Maybe a year ago my husband started talking about moving us to Puerto Rico. It started as little conversations over dinner, here and there a mention…just dreaming. Then, one day I realized . . . OMG. . . he’s serious.
I was instantly mad. I pitched a fit. I had a 3 day tantrum. I didn’t yell at him, but I did not hide my anger and sadness. For 3 days I barely slept. I thought of nothing else. I thought about all the wonderful things we would be giving up. I love Denver! I love having four seasons. I love the kids’ school. I love our home. We have some really great, close friends. Mostly, I love the comfort of knowing where I am, where my things and people are, and where to find what I want. I love what I know. I do not like, not knowing.
It was a potentially lucrative financial decision on his part, and I understood that. He is the financial provider of this family. He works hard to do a LOT for us and if this would allow him to do what he wanted, I should be supportive. This is why I was mad. I didn’t WANT to be supportive, but I knew I needed to be. I didn’t want to be a dead weight sourpuss that sucked all the air out of his sails. I knew, deep down, almost instantly, that my objection was that it would take guts. I didn’t want to have guts. It would make me, US, uncomfortable, and I don’t like being uncomfortable. This however, was not reason enough to squash his dream.
It also COULD be, “the greatest adventure of our lives”.
On the 4th day, I came to him in the quiet of morning, before the kids were up, and said (through tears), “You are the leader of this family. If you want to go, we go. But I want to see it. You have to take us there.” He nodded his thanks and we found a week in our schedule to make the not so easy trip.
The kids also did not want to move there but were happy to be going on a trip. Izak fell in love with the surfing and wildlife and Nadia was happy to be in water (pool or ocean) all day long. The community was super welcoming and every box was getting checked off as the week progressed. We even looked at houses. I became more and more resigned to the fact that we would in fact be moving here. I envisioned us there, how it would look, what our lives would look like. I talked to God a lot. I truly let go and let things fall as they may. I somehow found a little comfort in knowing, God has a plan, and I do not get to be in control all the time. We talk about this, but when your life is facing a big flip like this, it is difficult to do. And I will say, I did it. I didn’t really have a choice, but I did it.
On the last night, Ali had a business meeting and Izak sat and listened through the whole thing, while drinking tea. He was engaged and listening and suntanned… All of the sudden he came to me, nestled into me and cried, “I don’t want to move here!” I pulled him away from the meeting and took him outside. We talked about the scary nature of this proposition. This kid has slept in the same bedroom his whole life. He is not a fan of change. A little part of me was excited for this challenge. I KNOW that kids need to learn that they CAN DO HARD THINGS and the only way to learn this is by doing hard things. This would be his chance to learn how strong and tough he really is.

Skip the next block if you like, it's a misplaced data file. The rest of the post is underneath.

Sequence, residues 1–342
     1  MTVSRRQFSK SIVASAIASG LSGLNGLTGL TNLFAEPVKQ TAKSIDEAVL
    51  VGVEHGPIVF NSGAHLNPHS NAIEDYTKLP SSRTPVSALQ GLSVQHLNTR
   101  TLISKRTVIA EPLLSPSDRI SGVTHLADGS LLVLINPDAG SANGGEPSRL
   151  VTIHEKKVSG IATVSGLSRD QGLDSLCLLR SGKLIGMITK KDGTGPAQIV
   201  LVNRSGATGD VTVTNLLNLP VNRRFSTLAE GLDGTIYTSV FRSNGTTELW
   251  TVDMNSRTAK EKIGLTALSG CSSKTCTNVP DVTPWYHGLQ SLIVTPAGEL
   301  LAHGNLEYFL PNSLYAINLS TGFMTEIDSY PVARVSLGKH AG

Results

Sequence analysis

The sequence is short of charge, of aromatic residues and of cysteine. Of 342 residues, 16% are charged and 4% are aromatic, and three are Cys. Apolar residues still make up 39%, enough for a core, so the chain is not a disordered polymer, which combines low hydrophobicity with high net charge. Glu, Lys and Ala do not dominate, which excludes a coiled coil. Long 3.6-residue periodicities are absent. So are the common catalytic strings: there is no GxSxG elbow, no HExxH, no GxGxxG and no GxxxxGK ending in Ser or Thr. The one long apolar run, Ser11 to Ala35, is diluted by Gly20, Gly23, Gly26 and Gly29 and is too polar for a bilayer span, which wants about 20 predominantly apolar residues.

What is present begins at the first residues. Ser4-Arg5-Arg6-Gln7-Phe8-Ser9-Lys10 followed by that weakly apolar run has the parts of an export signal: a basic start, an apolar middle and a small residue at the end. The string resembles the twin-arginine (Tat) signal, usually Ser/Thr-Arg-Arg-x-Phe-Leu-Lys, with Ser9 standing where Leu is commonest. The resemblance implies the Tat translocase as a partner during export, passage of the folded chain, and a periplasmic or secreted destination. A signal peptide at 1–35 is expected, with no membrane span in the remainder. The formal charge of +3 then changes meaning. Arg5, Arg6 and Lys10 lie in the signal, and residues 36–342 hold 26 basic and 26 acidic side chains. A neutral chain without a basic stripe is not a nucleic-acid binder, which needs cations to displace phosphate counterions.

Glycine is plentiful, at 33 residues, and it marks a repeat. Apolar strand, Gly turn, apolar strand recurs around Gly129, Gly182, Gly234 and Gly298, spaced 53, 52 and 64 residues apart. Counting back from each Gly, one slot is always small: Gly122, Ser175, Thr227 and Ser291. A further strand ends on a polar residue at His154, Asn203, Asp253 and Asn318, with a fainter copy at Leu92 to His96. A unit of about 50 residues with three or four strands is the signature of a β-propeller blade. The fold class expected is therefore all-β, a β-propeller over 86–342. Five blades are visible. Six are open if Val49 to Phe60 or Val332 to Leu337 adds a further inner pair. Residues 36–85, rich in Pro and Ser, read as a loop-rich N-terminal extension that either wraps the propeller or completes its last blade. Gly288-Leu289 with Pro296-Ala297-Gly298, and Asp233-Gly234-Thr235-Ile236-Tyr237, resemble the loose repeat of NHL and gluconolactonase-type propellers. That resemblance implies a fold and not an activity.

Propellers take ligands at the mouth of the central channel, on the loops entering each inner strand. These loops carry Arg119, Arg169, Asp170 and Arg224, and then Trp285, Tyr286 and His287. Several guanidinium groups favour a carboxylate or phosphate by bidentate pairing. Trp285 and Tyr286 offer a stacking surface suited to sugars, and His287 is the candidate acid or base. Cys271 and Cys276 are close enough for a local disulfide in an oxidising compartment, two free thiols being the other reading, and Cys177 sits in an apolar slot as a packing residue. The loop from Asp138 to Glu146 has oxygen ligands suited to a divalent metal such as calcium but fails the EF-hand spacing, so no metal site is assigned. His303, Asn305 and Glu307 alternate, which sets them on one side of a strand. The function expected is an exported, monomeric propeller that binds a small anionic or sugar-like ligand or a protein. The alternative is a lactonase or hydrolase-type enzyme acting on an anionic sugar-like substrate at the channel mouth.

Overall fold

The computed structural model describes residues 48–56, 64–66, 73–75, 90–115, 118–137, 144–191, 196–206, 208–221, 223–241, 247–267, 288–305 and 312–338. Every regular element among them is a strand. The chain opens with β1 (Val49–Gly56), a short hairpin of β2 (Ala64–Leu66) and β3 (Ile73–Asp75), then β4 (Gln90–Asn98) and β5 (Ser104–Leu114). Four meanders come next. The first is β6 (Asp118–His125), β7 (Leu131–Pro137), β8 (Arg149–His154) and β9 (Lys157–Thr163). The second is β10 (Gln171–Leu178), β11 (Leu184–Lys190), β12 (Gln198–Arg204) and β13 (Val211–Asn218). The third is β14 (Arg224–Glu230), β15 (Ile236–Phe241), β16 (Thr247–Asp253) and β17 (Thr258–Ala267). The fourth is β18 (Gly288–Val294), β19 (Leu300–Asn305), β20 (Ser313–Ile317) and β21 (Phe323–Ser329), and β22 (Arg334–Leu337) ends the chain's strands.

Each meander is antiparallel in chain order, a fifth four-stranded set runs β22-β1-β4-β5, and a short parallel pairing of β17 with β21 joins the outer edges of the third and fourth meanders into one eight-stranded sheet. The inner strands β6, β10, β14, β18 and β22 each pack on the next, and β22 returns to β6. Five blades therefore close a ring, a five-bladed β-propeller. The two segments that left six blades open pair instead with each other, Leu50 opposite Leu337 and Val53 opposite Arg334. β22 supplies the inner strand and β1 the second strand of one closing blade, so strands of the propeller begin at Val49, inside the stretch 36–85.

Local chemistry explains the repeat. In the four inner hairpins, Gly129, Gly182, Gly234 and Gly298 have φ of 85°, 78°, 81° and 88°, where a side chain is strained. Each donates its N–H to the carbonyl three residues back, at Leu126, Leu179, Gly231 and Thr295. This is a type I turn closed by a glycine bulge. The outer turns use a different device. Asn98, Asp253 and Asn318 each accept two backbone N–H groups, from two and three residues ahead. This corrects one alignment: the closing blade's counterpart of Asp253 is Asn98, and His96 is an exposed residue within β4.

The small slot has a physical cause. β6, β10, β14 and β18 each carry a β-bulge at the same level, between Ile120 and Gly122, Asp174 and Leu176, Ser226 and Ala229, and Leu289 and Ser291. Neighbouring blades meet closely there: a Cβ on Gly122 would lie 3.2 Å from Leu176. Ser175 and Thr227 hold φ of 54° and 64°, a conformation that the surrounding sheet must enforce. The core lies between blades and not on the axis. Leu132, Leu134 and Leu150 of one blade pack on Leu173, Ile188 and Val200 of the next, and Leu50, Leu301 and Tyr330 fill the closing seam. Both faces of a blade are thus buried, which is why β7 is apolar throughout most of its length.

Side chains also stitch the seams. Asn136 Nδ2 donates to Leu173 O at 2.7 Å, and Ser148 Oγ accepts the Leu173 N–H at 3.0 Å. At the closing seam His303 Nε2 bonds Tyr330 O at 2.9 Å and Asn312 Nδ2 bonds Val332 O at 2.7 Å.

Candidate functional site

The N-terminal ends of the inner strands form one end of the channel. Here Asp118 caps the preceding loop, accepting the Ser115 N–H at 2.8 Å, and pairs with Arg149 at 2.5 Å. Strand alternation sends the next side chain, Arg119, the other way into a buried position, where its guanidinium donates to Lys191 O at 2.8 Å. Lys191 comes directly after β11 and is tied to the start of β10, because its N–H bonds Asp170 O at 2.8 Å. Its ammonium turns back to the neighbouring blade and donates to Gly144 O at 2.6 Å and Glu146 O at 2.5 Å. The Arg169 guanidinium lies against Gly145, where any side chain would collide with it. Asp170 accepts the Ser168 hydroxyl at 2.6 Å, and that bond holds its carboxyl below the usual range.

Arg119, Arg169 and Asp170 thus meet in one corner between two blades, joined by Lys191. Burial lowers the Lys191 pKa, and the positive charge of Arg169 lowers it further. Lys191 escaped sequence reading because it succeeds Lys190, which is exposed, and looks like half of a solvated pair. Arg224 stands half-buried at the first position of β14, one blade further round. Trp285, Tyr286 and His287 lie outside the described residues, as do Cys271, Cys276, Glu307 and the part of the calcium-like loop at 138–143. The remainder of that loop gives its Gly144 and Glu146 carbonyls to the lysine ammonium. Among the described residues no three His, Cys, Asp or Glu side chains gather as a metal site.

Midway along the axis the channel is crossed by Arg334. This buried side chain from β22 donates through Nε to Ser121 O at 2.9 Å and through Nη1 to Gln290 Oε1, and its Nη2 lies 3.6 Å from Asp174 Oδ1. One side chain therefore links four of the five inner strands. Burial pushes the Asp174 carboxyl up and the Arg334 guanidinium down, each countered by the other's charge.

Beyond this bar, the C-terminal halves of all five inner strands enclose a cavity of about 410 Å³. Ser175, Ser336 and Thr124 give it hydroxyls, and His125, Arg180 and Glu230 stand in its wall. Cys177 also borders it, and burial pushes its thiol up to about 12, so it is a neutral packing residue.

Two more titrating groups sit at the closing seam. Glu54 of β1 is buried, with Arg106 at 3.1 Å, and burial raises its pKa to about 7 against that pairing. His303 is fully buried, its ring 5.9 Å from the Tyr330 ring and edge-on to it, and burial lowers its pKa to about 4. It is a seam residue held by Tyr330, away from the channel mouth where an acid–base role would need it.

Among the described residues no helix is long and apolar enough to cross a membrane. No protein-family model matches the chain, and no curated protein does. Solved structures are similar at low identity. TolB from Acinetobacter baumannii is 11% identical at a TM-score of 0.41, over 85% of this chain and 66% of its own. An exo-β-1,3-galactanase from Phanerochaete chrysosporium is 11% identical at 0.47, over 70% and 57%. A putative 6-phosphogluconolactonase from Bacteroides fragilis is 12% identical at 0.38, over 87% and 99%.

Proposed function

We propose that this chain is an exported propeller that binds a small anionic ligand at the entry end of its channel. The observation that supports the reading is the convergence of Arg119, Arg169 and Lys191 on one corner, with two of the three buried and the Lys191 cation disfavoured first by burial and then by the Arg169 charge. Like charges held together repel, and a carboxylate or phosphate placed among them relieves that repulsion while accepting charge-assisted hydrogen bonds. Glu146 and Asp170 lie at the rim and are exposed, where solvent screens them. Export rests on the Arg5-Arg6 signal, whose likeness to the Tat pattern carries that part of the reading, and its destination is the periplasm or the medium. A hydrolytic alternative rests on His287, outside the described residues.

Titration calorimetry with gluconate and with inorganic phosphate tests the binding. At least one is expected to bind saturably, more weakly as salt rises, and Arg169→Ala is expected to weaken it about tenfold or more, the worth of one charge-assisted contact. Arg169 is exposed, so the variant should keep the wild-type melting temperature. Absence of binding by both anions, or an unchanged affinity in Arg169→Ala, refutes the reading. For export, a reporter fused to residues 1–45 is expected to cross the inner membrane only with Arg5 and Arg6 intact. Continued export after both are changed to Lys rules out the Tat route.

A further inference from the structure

To make a long story short, Ali loves his work and those he helps by doing it. It turns out that he would not be able to serve his clients to the level he wants to serve them, from there.
I felt like I had been tested, and passed the test. I have had talks with Izak about being able to look back on a difficult situation or time, and being able to be proud of the way you handled it. When I was having my pity party, this is why I was mad. Because I knew the woman I want to be, the woman my husband deserves, is encouraging. Agreeable, at least. Not selfish. I knew the woman I want to be, would be supportive. . . a lifter up of his dreams, not a dead weight. And the selfish part of me wanted to stick my heels in the ground and DRAG until I wore him out.
Izak has spent very little time away from us, unless with close friends or family. Because of Covid and chance, he ended up having TWO week long sleep away camps this summer. He dreaded the first, and didn’t make it the whole week before I had to go get him. Honestly, I wasn’t sad about it. We missed him too! He is soon heading to the second, and he has been “dragging his heels” about it. We had a great talk today about attitude and how it helps our mood. It is OK to be uncomfortable. It is ok to be scared, nervous, fearful… but he is going either way. So he can choose to go with a hopeful attitude, or a poopy one. I do think he is choosing hope.
These tests in life are opportunities. They don’t come around often, hopefully. But each time we survive something scary, we gain confidence for the next attack. The next time you are facing something scary or uncomfortable, consider handling it in such a way that you will be able to look back on it and feel proud of how you handled yourself. And maybe remind yourself throughout it, “I can do hard things.”